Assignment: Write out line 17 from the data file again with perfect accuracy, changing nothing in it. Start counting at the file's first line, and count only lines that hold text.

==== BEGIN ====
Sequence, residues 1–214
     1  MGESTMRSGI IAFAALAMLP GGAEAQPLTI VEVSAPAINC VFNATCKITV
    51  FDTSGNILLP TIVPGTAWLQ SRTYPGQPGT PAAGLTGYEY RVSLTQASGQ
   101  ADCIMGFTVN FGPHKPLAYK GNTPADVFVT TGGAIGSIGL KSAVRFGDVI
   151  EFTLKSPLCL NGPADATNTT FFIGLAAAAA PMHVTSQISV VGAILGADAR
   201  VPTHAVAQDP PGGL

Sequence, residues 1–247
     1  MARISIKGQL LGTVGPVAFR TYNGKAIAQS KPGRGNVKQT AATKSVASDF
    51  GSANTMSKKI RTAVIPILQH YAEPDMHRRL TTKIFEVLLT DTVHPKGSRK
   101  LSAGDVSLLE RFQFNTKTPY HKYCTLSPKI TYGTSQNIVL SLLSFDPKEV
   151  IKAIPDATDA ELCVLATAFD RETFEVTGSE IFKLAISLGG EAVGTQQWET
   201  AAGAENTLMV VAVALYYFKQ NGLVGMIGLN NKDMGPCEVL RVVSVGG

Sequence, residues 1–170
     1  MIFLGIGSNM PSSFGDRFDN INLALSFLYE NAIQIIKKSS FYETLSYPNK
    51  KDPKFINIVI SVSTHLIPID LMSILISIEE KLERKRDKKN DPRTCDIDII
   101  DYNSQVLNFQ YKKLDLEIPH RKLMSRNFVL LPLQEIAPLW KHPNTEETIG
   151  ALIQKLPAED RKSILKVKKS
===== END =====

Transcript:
   151  ALIQKLPAED RKSILKVKKS